Sunday, May 2, 2010

Dear Boston Residents: Welcome to Hell

Yesterday afternoon while heading home from the Bruins game, we heard on the radio something about a boil water order east of Weston, but it was framed in the context of a joke (but this was sports radio, so lame jokes are the usual). Come to find out no, really, Boston and a bunch of surrounding cities and towns have to boil water after a large pipe burst in the aquaduct between the Quabbin reservoir and Boston.

We here in Gloucester know your pain, metro-Boston. We had a 20-day boil water order last summer, in the dead of August no less. With a 6 month old baby.

Obviously, there was a run on bottled water in Boston, and now tales of people fighting over bottles of Dasani or Cambridge residents screaming at Bostonites for taking water from their public drinking fountains are showing up on Twitter.

You can, however, survive without buying entirely bottled water. If you managed to get a gallon or so of spring water, word. But honestly? We only bought one or two gallons for the entire 20-day period. We boiled water as a daily routine, let it cool, and refrigerated it until we needed it. The real key is getting ahead of yourself and not waiting until you're out to boil more. We also kept a big stockpot of unrefrigerated boiled water for hand washing or cleaning.

If you're going to brave the stores, get bleach. Bleach will allow you to wash dishes more easily. 1/8tsp bleach to 1 gallon of water will kill the bacteria. So if you're still running the diswasher, just fill up your sink or a bucket with the treated water and let the clean dishes sit in it for 10 minutes or so, then dry. I assure you it won't hurt you, if you've ever eaten at a restaurant or gotten deli meat, you've ingested minute amounts of bleach (sanitizer solution is just bleach and water).

I remember it being an inconvenience, but it wasn't too bad - I really felt for the bars and restaurants in the area who had to close, and the people who didn't get their paychecks for three weeks. Mike just drove to work in foodservice in one of the towns affected - I'd love to hear how it is over there.


  1. thanks for the tips and the solidarity!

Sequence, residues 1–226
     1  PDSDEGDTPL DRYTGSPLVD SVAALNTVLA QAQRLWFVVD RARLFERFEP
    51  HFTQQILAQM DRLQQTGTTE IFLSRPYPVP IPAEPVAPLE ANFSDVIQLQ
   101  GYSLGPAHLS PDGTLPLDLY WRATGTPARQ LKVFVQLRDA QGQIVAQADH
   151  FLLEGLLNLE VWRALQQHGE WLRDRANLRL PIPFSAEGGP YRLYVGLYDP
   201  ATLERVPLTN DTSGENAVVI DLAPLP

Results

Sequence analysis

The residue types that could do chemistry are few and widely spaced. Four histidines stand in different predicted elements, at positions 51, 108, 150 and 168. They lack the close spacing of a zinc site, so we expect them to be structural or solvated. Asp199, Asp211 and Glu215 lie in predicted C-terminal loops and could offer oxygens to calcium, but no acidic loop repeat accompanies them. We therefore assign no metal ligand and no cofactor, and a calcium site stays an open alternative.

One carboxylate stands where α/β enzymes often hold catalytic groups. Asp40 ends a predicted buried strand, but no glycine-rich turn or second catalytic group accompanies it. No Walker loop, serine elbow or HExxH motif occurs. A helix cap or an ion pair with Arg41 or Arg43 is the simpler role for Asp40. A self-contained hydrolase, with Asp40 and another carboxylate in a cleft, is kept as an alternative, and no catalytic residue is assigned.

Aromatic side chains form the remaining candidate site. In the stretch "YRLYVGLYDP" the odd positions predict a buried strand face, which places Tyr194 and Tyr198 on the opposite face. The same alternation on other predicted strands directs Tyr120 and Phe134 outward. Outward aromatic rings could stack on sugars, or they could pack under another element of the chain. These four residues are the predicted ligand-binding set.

2. I saw a guy on the highway with the back of his pickup truck full with bottles of water, people are rioting in roxbury over this. I heard one guy got shot!

    No, those last two aren't true, though it is possible and may very well be.

    Water is only good when it's dasani anyways, so this whole thing didn't phase me much, aside from cleansing. :)

  3. btw, the comment process on here is too much, it's like a 10 step process! lol.

  4. I agree with the above poster, thanks!! I feel bad for restaurants and bars, but other than that I'm not sure why everyone is panicking. A giant chunk of humanity lives like this all the time.

    Back to boiling!

  5. sorry jared! i know, i'd love it to be easier to comment here, even when i comment i have to use a captcha and it's my blog!

  6. When I lived in Costa Rica, gringos were advised to drink only bottled water or to boil. I made it two days of brushing with bottled water before saying screw it, if I get sick, I get sick. Didn't get sick.

    That wasn't all deadly stuff, though, just the stuff that'd give you the green apple splatters.

  7. Christa: I didn't know about the fecal coliform bacteria in Gloucester for THREE WHOLE DAYS because we don't have a landline for reverse 911 and I didn't check the paper. Only on the 4th day did they post a sign at the rotary. And I was fine, but I was very thankful I breastfed Nathan exclusively at that point. I didn't even get the poops!